Great movie

This movie has some bad words but it really good for 12 and up
Teen, 13 years old Written byAdam Atom October 10, 2016

Very Intense and VERY Heavy

Deepwater Horizon relies on being serious and sometimes heavy. By the end, the movie gets very sad and I can guarantee you, some may cry. This is absolutely NOT... Continue reading

What's the story?

DEEPWATER HORIZON is based on the real events leading up to the BP oil spill off the Gulf of Mexico on April 20, 2010. The movie, directed by Peter Berg, focuses on a few of the heroes of the day. They're the supervisors and technicians who risked their lives for others' safety, including electrical technician Mike Williams (Mark Wahlberg), who has a wife (Kate Hudson) and daughter to go home to; crew chief "Mr. Jimmy" (Kurt Russell); and one of the only women on the rig, Andrea Fleytas (Gina Rodriguez). The villains of the story are the BP company men who seemed to care more about profit than people's safety. They're led by Vidrine (John Malkovich), who orders Jimmy to go ahead and drill despite the chief's safety concerns.

Is it any good?

Despite knowing the story's tragic outcome, audiences will be totally caught up in Berg's tribute to how ordinary people proved extraordinary during the 2010 BP oil rig explosion. Even though a lot of the technical dialogue will go over most viewers' head, the script seems very realistic and, at first, like a typical workplace drama. But there's an underlying tension to every scene of Deepwater Horizon as moviegoers wonder exactly when disaster will strike. Besides Mike's home life and one quick glimpse of Andrea's boyfriend, nobody gets much personal development. Because the story's not about the people they'll return to, but about those they worked and survived (or died) with on the rig.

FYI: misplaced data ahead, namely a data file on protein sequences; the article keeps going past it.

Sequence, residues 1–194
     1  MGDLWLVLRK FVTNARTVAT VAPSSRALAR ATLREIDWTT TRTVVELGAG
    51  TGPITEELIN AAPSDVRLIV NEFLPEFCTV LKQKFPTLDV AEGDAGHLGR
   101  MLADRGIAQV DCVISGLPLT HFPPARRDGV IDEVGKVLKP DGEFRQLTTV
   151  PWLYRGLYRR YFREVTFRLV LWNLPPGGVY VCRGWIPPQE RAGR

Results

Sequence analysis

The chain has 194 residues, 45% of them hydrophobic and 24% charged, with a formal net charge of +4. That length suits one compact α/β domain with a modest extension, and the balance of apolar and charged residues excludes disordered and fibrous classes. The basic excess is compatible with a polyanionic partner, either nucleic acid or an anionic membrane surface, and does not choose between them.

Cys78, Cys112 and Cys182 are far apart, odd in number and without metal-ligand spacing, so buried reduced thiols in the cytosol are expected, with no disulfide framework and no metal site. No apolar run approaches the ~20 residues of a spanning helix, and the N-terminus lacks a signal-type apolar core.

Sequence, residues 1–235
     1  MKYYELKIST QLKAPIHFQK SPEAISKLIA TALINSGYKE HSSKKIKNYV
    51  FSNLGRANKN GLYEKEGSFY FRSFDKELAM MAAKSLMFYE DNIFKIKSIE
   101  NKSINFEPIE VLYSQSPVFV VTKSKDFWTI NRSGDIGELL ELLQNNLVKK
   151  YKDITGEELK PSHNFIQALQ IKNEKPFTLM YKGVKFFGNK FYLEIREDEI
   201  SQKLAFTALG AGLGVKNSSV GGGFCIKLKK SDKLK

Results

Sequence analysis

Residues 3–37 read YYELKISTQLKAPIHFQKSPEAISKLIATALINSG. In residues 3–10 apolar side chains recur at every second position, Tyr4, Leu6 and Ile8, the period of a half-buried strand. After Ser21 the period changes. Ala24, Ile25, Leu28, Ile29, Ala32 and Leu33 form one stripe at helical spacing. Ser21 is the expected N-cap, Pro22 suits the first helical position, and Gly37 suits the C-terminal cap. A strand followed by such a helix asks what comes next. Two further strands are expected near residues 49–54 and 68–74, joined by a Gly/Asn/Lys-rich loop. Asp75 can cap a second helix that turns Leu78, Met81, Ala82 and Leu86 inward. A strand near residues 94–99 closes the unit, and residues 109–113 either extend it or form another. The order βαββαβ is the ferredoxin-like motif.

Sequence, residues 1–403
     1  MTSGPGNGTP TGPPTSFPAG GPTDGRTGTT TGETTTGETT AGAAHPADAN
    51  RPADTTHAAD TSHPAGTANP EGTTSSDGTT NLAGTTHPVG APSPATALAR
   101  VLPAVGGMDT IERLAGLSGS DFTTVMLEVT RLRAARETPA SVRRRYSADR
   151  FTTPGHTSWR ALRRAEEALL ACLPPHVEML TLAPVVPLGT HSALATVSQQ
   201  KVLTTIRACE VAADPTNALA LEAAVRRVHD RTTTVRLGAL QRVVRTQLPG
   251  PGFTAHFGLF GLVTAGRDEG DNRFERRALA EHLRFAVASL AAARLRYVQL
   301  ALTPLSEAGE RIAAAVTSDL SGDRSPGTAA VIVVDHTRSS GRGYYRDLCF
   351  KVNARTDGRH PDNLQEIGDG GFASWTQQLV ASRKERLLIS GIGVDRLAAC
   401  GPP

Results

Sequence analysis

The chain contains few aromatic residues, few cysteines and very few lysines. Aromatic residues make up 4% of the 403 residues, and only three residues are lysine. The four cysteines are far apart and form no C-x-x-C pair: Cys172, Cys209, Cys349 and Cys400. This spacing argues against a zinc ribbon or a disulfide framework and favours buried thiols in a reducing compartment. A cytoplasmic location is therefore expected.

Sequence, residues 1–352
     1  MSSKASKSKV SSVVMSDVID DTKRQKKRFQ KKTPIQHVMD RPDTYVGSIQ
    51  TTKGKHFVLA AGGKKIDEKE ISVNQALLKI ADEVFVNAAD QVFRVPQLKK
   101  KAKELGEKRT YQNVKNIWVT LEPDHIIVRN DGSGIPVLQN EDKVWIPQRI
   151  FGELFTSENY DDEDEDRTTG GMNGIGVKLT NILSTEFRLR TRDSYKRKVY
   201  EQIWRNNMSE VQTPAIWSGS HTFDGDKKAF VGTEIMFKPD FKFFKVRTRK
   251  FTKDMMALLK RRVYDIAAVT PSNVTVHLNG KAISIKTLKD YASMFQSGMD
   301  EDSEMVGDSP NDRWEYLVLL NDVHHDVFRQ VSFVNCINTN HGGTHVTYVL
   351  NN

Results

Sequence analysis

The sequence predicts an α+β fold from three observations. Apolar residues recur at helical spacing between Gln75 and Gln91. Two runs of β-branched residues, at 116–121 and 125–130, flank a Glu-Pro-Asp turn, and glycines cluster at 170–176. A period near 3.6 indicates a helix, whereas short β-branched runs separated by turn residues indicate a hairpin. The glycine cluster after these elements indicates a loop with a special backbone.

It's easy to turn corporations into bad guys, but Berg manages to do it without oversimplifying the situation. Malkovich, using a Louisiana drawl, glibly explains why BP needs the crew to drill -- and why the borderline safety test results are just good enough to ignore. Of course, it's the company men's profit-driven decisions that lead to the disaster, and the fact that they all survive may remind you of how the White Star execs all got on the lifeboats in Titanic. Berg is very talented at portraying disaster and exploring the heroism of those who show courage under fire, and he doesn't disappoint.

Talk to your kids about ...

  • Families can talk about the scary, tense scenes in Deepwater Horizon. Do you consider them violent? What's the difference in impact between what you see in a movie like this and what you might see in a superhero or horror movie?

  • How do the characters demonstrate courage, perseverance, and integrity? Why are those important character strengths?

  • How close do you think the movie is to the real story? Why might filmmakers change the facts in movies based on real-life events? Does the movie make you interested in learning more about what happened?

  • Why do you think movies based on real tragic events are so compelling, even if audiences (theoretically) know how they end? How can fact-based movies maintain/encourage suspense? Does it matter if you know what's going to happen?

Movie details